The letter reads: “Many families and businesses have made long-term plans on the basis of this service starting in 2018. Our constituents are therefore concerned that the services could be postponed further still, beyond 2019.
We are extremely disappointed at this situation, which has been taken without consultation, and would appreciate your time to discuss alternative phased proposals as soon as possible.
It is vital that the new plans avoid punishing businesses and commuters in our constituencies who have anticipated and planned for the introduction of this new service now for over four years.”
Michael helped officially open the new Swanley Citizens Advice in Swanley Shopping Centre with HRH The Princess Royal this month.
Citizens Advice is an independent charity that provides free, confidential and impartial advice and information for those who need it. Its trained volunteers help with drafting letters, advocacy and preparation for tribunals.
As Patron of Citizens Advice since 1990, HRH The Princess Royal greeted volunteers and spoke to Michael about the importance of developing strong working relationships between MPs and Citizens Advice.
Welcoming HRH The Princess Royal’s comments, the local MP said: “Citizens Advice is essential to my work. Its advisers are experts who are trained to deal with very difficult cases, so I am pleased that locally we have such a good relationship and look forward to our continued collaboration.”
Michael has expressed his “severe disappointment” at the “betrayal of Kent commuters” in a letter to Transport Secretary Chris Grayling today.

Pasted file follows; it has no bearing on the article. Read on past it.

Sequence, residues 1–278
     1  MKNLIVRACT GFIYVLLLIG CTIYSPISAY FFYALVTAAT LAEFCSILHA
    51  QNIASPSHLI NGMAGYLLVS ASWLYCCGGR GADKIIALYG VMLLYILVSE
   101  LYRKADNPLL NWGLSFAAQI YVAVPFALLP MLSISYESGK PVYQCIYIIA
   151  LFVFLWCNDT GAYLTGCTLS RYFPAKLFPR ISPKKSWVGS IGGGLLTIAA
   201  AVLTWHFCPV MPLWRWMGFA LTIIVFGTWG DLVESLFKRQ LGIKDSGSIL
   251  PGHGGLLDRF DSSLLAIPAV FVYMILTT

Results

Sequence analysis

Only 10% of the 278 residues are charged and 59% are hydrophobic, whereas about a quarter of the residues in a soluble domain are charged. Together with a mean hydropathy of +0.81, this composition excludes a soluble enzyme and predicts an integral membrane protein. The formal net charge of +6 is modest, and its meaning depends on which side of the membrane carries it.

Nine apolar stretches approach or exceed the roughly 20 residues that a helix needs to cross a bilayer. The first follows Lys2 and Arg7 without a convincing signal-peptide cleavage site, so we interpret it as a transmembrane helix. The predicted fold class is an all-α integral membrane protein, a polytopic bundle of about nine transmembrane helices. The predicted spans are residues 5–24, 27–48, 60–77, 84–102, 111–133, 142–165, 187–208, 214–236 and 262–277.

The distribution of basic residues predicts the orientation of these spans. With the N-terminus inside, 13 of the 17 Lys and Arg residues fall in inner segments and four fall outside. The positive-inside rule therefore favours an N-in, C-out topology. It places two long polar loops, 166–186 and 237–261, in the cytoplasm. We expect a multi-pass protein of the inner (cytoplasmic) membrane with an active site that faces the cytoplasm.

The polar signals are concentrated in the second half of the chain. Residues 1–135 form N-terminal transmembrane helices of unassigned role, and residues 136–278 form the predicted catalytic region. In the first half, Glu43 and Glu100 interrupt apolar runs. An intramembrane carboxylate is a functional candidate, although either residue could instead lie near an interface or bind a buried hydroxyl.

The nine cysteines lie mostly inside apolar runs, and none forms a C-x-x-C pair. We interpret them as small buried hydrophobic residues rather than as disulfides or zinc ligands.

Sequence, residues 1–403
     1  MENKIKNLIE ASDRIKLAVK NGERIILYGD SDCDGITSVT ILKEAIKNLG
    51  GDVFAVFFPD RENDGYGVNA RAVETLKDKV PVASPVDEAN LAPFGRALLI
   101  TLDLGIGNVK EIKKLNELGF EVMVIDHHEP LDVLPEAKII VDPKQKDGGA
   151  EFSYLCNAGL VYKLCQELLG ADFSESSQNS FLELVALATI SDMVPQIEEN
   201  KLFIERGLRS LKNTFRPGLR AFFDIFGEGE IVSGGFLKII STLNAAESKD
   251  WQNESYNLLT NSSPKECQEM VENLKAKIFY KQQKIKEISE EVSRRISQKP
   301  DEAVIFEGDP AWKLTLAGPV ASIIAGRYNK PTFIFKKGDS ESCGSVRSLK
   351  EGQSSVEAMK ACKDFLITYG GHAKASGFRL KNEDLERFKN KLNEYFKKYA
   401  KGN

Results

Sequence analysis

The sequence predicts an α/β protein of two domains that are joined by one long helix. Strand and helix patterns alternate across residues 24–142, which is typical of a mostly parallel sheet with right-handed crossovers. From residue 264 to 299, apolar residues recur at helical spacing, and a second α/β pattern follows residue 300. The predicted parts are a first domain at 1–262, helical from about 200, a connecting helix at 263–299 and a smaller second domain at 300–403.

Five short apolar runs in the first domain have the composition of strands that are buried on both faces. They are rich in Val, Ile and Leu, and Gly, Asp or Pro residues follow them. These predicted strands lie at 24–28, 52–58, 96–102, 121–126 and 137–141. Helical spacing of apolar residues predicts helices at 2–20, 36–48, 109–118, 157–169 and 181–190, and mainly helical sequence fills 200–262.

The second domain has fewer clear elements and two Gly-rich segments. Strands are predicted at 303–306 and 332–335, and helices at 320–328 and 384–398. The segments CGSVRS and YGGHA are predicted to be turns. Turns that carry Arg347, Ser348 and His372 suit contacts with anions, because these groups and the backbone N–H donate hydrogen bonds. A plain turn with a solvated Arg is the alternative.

The letter was sent in response to a letter Michael received from the Transport Secretary, explaining why the new Thameslink fast service from Maidstone East, Otford and Swanley to London had been postponed until at least December 2019.
Having earlier contacted Govia Thameslink Railway (GTR) and the Rail Minister about the matter, Michael had wanted a comprehensive explanation from the Transport Secretary. Instead, the reply failed to address two of his key concerns: why a consultation had not been launched and why a similar fast service will be delivered on-time in Sussex.
“Govia’s decision is a betrayal of Kent commuters and my constituents”, the MP said.
“This news means that there will have been a delay of over a year and a half from the originally-planned completion date.”
The Sevenoaks MP has called for an urgent meeting with the Transport Secretary and GTR to consider “an alternative schedule that avoids punishing Kent’s commuters.”
Michael has recommended that the town of Swanley be formally recognised in the name of his constituency in his response to the Revised Boundary Proposals 2018. Should his request be granted, the official name of the Sevenoaks constituency would become Sevenoaks & Swanley.
Revised proposals for all the parliamentary seats were published in October by the Boundary Commission for England. Under the new proposals, the Sevenoaks constituency remains largely the same, but would gain the Wrotham, Ightham and Stansted ward from Tonbridge, increasing the size of the Sevenoaks electorate to 72,561.
The review aims to make constituencies more equal in size. Parliament has also approved the principle of reducing the size of the House of Commons. If the majority of MPs support the detailed plans, the proposed changes will take effect at the next election.
Happy with the boundary proposals, the local MP took the opportunity to recognise Swanley as a key part of his constituency.
He said: “My constituency is special because it is diverse. The town of Swanley is very different from the town of Sevenoaks, and each contributes equally to the character of the constituency. I refer to my constituency as Sevenoaks & Swanley, and I believe that now is the time that Swanley be recognised in its formal name.”
Michael has pressed the government for answers following news that the new Thameslink fast service from Maidstone East, Otford and Swanley to London due to start from December 2018 has now been postponed until at least December 2019.
The local MP submitted a series of Parliamentary Questions to the Rail Minister about the matter. The Rail Minister answered the questions last week, writing: